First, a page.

Part 3 of my April Vacation, 2011 begins on Monday morning (4-18-11) before sunrise. I left Albany by way of U.S. Rte. 20 heading east. I drove into Pittsfield, Mass. and decided to see if Adrien’s Diner might be open. It was around 5:30 am and there was no one around. The operating hours were not posted so I was not sure if they were even opening (it was Patriots Day, a Massachusetts holiday, although not everyone gets it off). I decided not to hang around and coninued east toward the town of Lee. Once I got there, I saw that Joe’s Diner was open. I figured it was about time I checked it out as it is a somewhat famous place. Joe’s is not a factory-built diner but a small storefront type diner. It is famous for being the place where Norman Rockwell set his well known iconic 1958 painting, “The Runaway”.
I had a pretty decent breakfast at Joe’s Diner and then got back on the road, continuing east on Route 20. As I mentioned in Part 1, I needed to get to 5 diners in the western part of Massachusetts on my way home from Albany for info and photos for my “Classic Diners of Massachusetts” book. My next destination was the Route 66 Diner on Bay Street in Springfield and it had been a while since I was last there. I did not need exterior photos of this diner as I figured the last ones I shot a few years ago were good. Unfortunately, owner Don Roy was not there, I was told he was in Florida. So I obtained a takeout menu and took 2 interior photos. Here is one of them below…….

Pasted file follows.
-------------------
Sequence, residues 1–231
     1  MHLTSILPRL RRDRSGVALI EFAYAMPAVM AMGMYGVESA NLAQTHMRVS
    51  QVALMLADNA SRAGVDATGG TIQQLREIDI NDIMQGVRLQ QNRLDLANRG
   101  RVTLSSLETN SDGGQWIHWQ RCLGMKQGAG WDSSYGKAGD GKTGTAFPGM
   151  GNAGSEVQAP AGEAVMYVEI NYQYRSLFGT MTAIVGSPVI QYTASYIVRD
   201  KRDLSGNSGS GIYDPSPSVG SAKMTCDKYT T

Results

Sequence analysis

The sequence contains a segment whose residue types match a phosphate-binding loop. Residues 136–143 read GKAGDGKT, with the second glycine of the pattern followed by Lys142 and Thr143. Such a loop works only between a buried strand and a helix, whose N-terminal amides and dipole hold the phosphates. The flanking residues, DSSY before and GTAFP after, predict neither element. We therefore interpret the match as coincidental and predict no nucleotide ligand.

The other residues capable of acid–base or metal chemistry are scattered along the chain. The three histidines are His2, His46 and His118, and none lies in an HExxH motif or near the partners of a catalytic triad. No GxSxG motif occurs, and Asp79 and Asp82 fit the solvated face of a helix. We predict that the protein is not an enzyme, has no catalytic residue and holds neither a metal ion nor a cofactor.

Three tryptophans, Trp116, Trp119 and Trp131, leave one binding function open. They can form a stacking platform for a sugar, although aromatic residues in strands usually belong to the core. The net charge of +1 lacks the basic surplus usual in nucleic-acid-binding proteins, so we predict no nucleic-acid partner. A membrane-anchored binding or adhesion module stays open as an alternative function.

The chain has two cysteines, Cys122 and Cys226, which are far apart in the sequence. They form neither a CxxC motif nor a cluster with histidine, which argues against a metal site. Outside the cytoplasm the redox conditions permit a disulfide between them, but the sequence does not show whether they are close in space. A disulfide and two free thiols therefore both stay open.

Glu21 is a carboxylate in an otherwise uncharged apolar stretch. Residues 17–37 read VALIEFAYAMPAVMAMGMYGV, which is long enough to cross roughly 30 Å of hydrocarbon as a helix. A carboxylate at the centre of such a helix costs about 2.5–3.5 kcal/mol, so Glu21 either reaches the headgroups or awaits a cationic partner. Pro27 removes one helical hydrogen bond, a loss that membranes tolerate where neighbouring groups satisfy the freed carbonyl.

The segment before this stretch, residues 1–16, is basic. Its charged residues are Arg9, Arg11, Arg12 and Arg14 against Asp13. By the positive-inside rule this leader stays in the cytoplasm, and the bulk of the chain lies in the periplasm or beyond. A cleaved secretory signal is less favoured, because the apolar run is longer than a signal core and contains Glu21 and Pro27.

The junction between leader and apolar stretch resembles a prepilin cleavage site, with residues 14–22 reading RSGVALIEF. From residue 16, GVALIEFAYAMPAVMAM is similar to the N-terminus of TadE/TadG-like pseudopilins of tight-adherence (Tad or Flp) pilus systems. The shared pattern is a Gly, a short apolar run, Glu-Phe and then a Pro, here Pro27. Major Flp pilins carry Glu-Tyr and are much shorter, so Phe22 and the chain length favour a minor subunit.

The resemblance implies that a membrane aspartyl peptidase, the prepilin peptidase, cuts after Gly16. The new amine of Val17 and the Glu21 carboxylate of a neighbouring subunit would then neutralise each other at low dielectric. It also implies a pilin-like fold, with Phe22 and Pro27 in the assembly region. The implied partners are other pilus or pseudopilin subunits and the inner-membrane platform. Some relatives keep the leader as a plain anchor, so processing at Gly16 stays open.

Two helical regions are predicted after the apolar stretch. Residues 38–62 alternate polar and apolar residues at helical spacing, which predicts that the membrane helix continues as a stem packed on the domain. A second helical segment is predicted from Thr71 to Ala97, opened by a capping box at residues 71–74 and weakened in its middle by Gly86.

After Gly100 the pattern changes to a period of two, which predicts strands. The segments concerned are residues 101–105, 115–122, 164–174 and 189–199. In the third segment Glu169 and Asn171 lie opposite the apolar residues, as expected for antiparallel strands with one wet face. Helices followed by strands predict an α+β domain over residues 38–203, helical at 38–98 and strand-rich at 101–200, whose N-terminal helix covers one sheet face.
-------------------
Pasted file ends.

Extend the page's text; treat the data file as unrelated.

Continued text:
I left Springfield and jumped on I-91 northbound to get up to Northampton. Once I got there I headed back west on Route 9 to visit the Miss Florence Diner. I had not been to the Miss Flo since the Alexander family sold it 10 years ago. The place looked good and I got some new photos (exterior and interior). They had no takeout menus as they were actually having new ones being printed. I started taking notes from their extensive menu and thought this might take all day, and then one of the waitresses told me that the menu was pretty much all on their website. I got the name of the owner who was not there, (John Zantouliadis) and called him later in the week for some background. It seems he is not the person who bought the diner from the Alexanders, he is actually the second owner after them. (He also told me the takeout menu came in from the printers the day before) Anyway, here are some shots….
I went back to Northampton but continued past the center of town toward the Route 9 Diner in Hadley a few miles to the east. This is one of the newer diners in Massachusetts. It came to town as the Sit Down Diner, brand new from Kullman Industries, but the original owner went out of business and the diner was bought back by Kullman at auction and they turned around and found new operators, Chris Karabetsos and Archie Sideris who have been very successful with the business in the intervening years.
I headed back to Northampton and drove north on Route 5 (King Street) to the Bluebonnet Diner. Jim Greco was given a heads-up by his son Tony that I was coming. Jim was very helpful and it is obvious he takes pride in the business that his dad and uncle started in 1950.